So Dumoise left, deeply agitated; and as soon as the noise of the cart-wheels had died away, Strickland told me, in a whisper, his suspicions. They were so wildly improbable that he dared not say them out aloud; and I, who entertained all Strickland’s beliefs, was so ashamed of owning to them that I pretended to disbelieve.
‘Even if the Silver Man had bewitched Fleete for polluting the image of Hanuman, the punishment could not have fallen so quickly.’
As I was whispering this the cry outside the house rose again, and the beast fell into a fresh paroxysm of struggling till we were afraid that the thongs that held it would give way.
‘Watch!’ said Strickland. ‘If this happens six times I shall take the law into my own hands. I order you to help me.’
He went into his room and came out in a few minutes with the barrels of an old shot-gun, a piece of fishing-line, some thick cord, and his heavy wooden bedstead. I reported that the convulsions had followed the cry by two seconds in each case, and the beast seemed perceptibly weaker.
Strickland muttered, ‘But he can’t take away the life! He can’t take away the life!’
I said, though I knew that I was arguing against myself, ‘It may be a cat. It must be a cat. If the Silver Man is responsible, why does he dare to come here?’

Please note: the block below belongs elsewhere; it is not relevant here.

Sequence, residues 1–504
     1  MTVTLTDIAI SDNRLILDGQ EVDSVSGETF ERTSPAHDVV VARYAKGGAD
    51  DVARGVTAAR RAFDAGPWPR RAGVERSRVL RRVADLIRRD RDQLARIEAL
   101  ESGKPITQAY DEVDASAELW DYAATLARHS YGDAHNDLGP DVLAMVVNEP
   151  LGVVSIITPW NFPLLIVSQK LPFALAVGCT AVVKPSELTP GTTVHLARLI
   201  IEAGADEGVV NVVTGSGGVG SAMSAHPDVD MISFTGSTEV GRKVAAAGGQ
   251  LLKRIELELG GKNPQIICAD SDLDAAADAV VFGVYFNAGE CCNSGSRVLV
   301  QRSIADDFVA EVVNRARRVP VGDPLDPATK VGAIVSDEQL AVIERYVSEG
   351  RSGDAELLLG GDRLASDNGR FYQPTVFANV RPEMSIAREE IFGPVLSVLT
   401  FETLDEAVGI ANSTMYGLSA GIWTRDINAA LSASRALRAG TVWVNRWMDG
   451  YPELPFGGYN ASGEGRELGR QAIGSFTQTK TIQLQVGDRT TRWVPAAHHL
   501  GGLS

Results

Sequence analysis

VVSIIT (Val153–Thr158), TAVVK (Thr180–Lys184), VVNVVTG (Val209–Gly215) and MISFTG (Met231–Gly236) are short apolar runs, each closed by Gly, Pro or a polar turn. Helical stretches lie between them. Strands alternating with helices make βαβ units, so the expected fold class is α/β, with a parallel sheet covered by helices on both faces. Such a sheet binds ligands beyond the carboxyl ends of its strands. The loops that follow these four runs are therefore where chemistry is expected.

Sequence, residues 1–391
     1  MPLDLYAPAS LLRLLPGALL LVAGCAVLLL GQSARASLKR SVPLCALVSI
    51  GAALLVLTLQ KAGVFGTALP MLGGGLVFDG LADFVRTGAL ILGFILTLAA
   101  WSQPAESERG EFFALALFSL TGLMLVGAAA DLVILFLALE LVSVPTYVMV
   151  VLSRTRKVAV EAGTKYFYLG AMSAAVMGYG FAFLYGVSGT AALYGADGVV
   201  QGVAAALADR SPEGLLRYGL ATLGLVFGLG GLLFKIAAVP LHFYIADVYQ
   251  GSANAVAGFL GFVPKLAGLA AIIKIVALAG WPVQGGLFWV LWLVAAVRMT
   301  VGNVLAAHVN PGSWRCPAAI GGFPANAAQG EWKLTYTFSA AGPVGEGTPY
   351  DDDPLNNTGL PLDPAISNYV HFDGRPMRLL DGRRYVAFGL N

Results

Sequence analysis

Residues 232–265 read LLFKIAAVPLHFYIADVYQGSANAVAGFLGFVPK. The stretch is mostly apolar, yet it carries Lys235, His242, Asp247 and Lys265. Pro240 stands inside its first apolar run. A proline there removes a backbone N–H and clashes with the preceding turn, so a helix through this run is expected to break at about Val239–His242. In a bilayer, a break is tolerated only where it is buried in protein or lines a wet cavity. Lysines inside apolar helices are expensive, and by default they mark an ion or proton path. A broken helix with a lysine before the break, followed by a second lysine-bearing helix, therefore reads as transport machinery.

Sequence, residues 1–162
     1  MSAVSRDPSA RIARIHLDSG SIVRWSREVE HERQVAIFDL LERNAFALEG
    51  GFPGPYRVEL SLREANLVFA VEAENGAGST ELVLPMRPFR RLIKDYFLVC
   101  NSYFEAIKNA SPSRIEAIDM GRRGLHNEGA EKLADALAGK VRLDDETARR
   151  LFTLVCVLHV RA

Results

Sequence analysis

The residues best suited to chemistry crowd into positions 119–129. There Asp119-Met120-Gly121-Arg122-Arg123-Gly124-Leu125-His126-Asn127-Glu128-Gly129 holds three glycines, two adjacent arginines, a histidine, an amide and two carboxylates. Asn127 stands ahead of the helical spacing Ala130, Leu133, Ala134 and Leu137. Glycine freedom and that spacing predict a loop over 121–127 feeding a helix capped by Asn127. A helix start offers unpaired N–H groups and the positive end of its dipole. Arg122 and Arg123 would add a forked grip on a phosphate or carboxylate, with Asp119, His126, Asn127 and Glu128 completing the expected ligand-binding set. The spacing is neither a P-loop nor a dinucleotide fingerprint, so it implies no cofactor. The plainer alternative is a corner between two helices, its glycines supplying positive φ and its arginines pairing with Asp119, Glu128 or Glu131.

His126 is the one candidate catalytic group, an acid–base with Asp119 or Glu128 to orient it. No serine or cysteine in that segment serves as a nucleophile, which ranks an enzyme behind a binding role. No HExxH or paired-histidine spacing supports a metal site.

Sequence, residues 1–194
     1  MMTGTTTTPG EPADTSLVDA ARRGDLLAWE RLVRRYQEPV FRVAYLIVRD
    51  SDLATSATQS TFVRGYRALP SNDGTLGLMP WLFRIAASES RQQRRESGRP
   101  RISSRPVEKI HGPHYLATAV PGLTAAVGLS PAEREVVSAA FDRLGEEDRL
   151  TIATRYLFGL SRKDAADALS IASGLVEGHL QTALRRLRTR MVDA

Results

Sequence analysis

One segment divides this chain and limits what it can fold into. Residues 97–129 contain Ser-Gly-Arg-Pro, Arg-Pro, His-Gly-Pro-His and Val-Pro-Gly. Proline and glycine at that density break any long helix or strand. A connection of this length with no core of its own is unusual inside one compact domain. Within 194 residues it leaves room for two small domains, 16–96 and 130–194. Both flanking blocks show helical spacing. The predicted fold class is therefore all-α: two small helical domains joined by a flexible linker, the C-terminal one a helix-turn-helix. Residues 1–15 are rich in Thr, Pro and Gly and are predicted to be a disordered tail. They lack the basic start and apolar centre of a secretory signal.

Strickland arranged the wood on the hearth, put the gun-barrels into the glow of the fire, spread the twine on the table, and broke a walking stick in two. There was one yard of fishing line, gut lapped with wire, such as is used for mahseer-fishing, and he tied the two ends together in a loop.
Then he said, ‘How can we catch him? He must be taken alive and unhurt.’
I said that we must trust in Providence, and go out softly with polo-sticks into the shrubbery at the front of the house. The man or animal that made the cry was evidently moving round the house as regularly as a night-watchman. We could wait in the bushes till he came by and knock him over.
Strickland accepted this suggestion, and we slipped out from a bath-room window into the front verandah and then across the carriage drive into the bushes.
In the moonlight we could see the leper coming round the corner of the house. He was perfectly naked, and from time to time he mewed and stopped to dance with his shadow. It was an unattractive sight, and thinking of poor Fleete, brought to such degradation by so foul a creature, I put away all my doubts and resolved to help Strickland from the heated gun-barrels to the loop of twine—from the loins to the head and back again—with all tortures that might be needful.
The leper halted in the front porch for a moment and we jumped out on him with the sticks. He was wonderfully strong, and we were afraid that he might escape or be fatally injured before we caught him. We had an idea that lepers were frail creatures, but this proved to be incorrect. Strickland knocked his legs from under him and I put my foot on his neck. He mewed hideously, and even through my riding- boots I could feel that his flesh was not the flesh of a clean man.
He struck at us with his hand and feet-stumps. We looped the lash of a dog-whip round him, under the arm-pits, and dragged him backwards into the hall and so into the dining-room where the beast lay. There we tied him with trunk-straps. He made no attempt to escape, but mewed.